15 Aug 2015 14:40pm
RUNDU, 15 AUG (NAMPA) The Ministry of Higher Education, Training and Innovation will soon make a submission to Cabinet for fourth year joinery and carpentry students at Vocational Training Centres (VTCs) to repair broken furniture in government schools.
The Minister of Higher Education, Training and Innovation, Dr Itah Kandjii-Murangi said this when she met with the Kavango Regional Council (KRC)s Chief Regional Officer (CRO) Sebastian Kantema and the councils management here on Thursday.
There should be no reason why schools around this area should have broken desks when you have third or fourth year students who can actually address this, she said.
Kandjii-Murangi said this would mean government would spend less on procuring furniture while the trainees will gain practical experience which they need for their studies.
Her statement was also a response to the Director of Finance and Administration of the KRC, Ludwig Thikusho who told her that VTC students face problems, particularly those who form companies and approach banks or the regional council for funding when they graduate.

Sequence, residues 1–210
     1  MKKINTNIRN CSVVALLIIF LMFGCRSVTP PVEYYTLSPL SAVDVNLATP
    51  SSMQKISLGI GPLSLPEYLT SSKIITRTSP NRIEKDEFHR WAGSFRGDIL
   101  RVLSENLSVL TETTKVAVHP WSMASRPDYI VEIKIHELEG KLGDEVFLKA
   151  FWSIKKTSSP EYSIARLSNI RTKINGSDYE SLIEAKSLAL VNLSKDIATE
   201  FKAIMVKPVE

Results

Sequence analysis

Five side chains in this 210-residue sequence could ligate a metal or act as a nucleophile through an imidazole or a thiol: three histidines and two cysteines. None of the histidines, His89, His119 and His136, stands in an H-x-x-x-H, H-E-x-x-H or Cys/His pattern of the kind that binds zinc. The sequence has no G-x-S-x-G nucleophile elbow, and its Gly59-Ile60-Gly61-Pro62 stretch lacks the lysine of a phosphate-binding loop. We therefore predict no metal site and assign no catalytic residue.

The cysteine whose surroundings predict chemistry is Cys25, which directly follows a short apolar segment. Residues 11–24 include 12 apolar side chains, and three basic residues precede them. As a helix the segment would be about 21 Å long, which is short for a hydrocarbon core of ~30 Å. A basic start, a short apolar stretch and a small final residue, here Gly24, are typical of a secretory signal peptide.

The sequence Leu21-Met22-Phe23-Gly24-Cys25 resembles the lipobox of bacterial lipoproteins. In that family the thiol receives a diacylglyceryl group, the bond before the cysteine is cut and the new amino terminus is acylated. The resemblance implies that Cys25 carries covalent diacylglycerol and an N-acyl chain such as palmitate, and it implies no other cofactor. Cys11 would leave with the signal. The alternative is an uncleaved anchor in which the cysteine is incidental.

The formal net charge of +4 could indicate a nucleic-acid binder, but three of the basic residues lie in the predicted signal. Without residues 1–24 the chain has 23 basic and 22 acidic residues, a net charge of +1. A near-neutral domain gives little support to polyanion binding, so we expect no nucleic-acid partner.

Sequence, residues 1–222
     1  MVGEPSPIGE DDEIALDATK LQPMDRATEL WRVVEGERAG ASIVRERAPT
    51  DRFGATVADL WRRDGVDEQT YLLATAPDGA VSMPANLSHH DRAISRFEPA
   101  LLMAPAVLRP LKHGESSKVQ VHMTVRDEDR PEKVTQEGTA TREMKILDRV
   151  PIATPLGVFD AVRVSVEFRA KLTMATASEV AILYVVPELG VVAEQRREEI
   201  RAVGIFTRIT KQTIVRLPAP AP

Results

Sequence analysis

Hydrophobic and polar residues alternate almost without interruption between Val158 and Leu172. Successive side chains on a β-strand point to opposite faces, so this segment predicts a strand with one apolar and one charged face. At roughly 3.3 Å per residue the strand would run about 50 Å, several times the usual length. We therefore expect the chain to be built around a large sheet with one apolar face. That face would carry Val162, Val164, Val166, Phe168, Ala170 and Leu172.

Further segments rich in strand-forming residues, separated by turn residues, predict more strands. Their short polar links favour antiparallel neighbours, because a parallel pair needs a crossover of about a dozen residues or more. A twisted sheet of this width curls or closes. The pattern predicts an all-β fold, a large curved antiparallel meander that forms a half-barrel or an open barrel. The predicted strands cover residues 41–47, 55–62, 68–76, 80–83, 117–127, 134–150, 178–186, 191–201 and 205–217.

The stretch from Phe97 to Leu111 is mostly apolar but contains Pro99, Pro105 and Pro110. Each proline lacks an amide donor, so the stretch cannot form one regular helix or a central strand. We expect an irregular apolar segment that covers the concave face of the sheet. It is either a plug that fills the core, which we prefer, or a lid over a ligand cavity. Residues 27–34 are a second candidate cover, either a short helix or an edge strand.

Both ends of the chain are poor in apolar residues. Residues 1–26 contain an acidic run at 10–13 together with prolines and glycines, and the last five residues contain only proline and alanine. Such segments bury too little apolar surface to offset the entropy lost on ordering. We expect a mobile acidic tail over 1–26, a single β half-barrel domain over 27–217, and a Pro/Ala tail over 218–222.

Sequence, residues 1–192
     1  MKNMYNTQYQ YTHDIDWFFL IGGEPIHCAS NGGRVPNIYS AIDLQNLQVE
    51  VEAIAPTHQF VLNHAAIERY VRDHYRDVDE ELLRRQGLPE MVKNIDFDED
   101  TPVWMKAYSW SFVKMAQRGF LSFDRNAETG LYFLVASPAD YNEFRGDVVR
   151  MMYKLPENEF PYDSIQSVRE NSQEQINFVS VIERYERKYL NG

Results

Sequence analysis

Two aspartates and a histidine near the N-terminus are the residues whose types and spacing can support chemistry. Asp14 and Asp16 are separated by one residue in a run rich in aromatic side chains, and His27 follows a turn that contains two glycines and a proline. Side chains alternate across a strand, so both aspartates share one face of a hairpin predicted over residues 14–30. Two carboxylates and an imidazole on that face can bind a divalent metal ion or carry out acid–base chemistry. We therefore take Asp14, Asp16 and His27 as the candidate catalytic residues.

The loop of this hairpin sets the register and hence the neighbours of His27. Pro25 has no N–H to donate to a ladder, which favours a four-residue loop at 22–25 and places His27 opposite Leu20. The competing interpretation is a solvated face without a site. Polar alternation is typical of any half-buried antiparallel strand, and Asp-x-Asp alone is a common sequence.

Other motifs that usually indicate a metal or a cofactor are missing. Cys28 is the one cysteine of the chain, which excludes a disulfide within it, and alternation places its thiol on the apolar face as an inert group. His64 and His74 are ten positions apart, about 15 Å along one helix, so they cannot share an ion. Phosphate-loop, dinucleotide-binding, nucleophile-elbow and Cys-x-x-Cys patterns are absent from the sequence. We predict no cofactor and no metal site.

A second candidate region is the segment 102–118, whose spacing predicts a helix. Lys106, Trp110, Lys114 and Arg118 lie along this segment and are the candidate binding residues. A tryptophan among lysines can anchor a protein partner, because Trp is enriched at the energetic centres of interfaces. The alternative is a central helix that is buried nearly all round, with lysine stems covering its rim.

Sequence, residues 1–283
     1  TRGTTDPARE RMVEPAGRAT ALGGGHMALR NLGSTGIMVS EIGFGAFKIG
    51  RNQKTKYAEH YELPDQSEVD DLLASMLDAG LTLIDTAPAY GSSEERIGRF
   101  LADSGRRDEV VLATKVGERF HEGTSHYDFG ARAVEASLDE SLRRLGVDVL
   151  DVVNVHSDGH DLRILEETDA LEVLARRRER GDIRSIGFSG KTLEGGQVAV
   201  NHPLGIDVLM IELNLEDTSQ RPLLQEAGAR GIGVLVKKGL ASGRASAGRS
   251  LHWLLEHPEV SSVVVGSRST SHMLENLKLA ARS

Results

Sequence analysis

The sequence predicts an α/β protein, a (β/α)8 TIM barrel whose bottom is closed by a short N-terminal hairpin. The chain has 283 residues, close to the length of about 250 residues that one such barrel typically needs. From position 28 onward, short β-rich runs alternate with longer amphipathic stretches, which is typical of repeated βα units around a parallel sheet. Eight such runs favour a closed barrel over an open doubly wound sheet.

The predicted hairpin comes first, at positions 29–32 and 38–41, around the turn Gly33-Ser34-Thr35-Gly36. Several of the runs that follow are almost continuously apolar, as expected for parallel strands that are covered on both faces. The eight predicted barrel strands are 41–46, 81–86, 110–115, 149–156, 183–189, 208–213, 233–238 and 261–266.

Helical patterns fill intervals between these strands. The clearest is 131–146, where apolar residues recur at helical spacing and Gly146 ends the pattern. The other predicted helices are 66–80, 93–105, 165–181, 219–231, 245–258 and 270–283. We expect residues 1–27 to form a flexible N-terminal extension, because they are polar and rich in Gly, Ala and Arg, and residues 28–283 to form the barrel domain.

As a result of the perception that many financial institutions have that VTCs are of a lower standard than other streams of education, they have trouble securing tenders or receiving funding, he said.
Thikusho, who was very frank about the issue, said he too sits on the Regional Tender Board and because of this perception also at times doubts whether he can give work to VTC graduates without compromising on quality and standards.
He said if the ministry could rectify this, the country could move forward and make strides in eradicating poverty.
Kandjii-Murangi stated that she likes the idea of cooperatives and thus encouraged VTC students to form groups if they know they only have one year left before graduation.
Group yourselves together, you do not necessarily have to be in the same trade. Go to the Development Bank of Namibia (DBN) to get started, she said.
The minister said her aim is to try to make it possible for those who graduate, if they are identified to be good, to be appointed as sub-contractors to big companies that get tenders.
This is what we are aiming to do, she said.